Take Steps to Become an Informed Voter
Disclaimer: This post provides information about preparing to vote in US elections. It is not intended to persuade readers to vote in any specific way or to support any specific political party, candidate, proposition, referendum, or issue.
Here in the US, we are gearing up for the mid-term election in just a couple of weeks. Even when it’s not a presidential election, there are still important races for elected positions in our states, counties, and communities as well as ballot measures like propositions and referendums that have an effect on how we live.
Whether you’re a first-time or long-time voter, there is often something on the ballot that can surprise you or leave you unsure how to vote – unless you’ve done a little extra homework before heading to your polling place. For me, I’m usually unsure about which judges to vote for or get confused by the legalese language of a ballot measure, but now I know where I can get more information so I can make informed voting decisions.
When you take a little time to inform yourself about what’s on the ballot and how you want to vote, then you are more likely to feel invested in the voting process because you better understand how the results of the election will affect you and your community.
According to the Advocacy Alliance Center of Texas (AACT), a non-profit, non-partisan organization in South Texas that works to improve voter registration and voter turnout in their communities:
“Increasing the number of people that vote in each election means better representation, more funding to our communities, and a better quality of life. Politicians listen to two things, money and votes. If we work together as a community and increase voter turnout, then our state and national legislators will listen to our needs. Education, healthcare, immigration, infrastructure, the economy, our veterans, etc. are all affected by our vote.”
To read more about why you should vote, check out AACT’s article “Why Should You Vote?”
Let me take you through some tips to help you be a more informed voter.
Registering to vote and confirming your registration
If you are eligible to vote, you need to register with the state (except in North Dakota) by a specific deadline. Each state makes its own voting and election rules, including when and how to register. You can find your state’s voter registration rules through the USAGov site (Voting and Elections section). This legislatively mandated organization is the official guide to government information and services. You can also go directly to the www.Vote.gov site where you can select your state or territory and be directed to the specific registration information.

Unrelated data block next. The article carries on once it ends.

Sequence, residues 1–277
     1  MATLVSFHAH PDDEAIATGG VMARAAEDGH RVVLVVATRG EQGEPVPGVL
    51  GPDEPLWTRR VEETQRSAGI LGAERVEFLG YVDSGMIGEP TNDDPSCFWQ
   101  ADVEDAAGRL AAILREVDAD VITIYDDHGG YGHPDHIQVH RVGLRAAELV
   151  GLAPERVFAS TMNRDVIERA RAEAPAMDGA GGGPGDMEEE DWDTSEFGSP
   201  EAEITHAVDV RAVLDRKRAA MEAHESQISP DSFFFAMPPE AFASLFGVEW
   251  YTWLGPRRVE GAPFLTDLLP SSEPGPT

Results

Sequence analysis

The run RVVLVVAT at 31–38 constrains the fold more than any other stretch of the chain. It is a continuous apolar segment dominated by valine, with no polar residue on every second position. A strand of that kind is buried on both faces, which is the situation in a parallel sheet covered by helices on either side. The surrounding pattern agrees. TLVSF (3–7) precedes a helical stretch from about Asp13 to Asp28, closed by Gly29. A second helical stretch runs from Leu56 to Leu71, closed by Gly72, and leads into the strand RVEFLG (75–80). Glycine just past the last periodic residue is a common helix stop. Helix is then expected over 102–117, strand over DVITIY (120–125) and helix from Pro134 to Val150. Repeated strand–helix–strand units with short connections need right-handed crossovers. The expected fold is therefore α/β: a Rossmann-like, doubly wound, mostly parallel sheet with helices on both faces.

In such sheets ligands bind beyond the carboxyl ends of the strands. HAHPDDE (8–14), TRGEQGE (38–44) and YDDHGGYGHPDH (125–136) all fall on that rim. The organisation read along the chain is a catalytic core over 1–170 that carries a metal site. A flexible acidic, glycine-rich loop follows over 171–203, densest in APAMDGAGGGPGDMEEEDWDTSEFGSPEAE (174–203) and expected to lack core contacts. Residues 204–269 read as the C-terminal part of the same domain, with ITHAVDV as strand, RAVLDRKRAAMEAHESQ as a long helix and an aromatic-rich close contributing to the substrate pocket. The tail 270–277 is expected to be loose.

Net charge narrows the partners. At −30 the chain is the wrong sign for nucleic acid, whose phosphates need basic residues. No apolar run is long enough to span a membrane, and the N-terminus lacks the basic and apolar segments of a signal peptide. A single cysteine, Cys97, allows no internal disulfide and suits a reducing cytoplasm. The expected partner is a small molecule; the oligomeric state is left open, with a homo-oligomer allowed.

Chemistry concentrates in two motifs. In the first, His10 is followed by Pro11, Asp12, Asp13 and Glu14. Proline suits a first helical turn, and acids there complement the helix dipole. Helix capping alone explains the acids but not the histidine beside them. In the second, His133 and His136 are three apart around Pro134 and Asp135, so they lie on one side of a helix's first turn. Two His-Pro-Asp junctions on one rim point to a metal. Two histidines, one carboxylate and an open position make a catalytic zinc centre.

If you are already registered, you can also confirm that your voter registration is still current with your state or territory. Again, each state makes its own voting rules, including how to confirm your registration.
States work to keep their voter registrations lists as accurate as possible, which means they will remove registrations if voters are no longer residents and mark some registrations as inactive. Your voter registration could be marked inactive if you meet both of these situations:
You do not respond to election officials’ postcards or letters and
You have not voted in the last two federal elections (a midterm and a presidential election)
If your voter registration becomes inactive, you may have to take additional steps before the voter registration deadline before you can vote. If you don’t, you may have to cast a provisional ballot.
Check with your state or local election office to get the most detailed and up-to-date voter registration information for where you live. A good place to start the confirmation process is from the Can I Vote site, sponsored by the National Association of Secretaries of State.
If you have additional questions, including for US citizens overseas and uniformed service members, you can refer to the USAGov’s How to Register to Vote page and then click on the local election official link.
Be sure to change your voter registration for any of the following reasons:
You move to a new address within your state
You change your name
You want to change your political party affiliation, if stating your affiliation is requested by your state, often for primary elections
When you move permanently to a new state, register to vote in the new state before the voter registration deadline and ensure the form of identification you plan to use, if required, matches your voter registration.
You may need to re-register or change your voter registration for the following reasons:
You move to a different state very close to the date of a presidential primary or general election. Some states require you to live in your new state for up to 30 days before registering to vote.
If you do not have time to re-register in the new state before these elections, you have the right to vote in your old state either in person or by absentee ballot. After that, you must register and then vote in the next election in your new state.
Refer to the USAGov Change Your Voter Registration page for more information and links.
Researching candidates and ballot measures
Doing some homework before you fill out your ballot can make the voting process quicker and simpler. It can also help you feel more comfortable about the voting decisions you’re making, rather than just picking a familiar-sounding candidate name or deciding about a ballot measure without knowing the pros and cons.
A first step is accessing voter guides and sample election ballots, so you know the candidate races and ballot measures to research. According to the USAGov’s Decide Who to Vote For page, “voter guides provide background information on the candidates and ballot measures. They list who you can vote for and offer details on each candidate’s experience and goals. They also explain ballot measures, which are specific questions or issues that you can approve or reject.”
One source for voter guides and sample ballots is from BallotReady, a group that provides personalized, non-partisan information to voters in all 50 states. It allows you to access information based on your residential address. You can then view all candidate races and ballot measures for the upcoming election, review information, and make selections for how you plan to vote. When finished, you can email or print your sample ballot and use it when you vote in person, by mail, or by absentee ballot, as allowed in your state. Note that some states do not allow use of cell phones in the polling place, so check in advance or bring a paper-based sample ballot with your selections.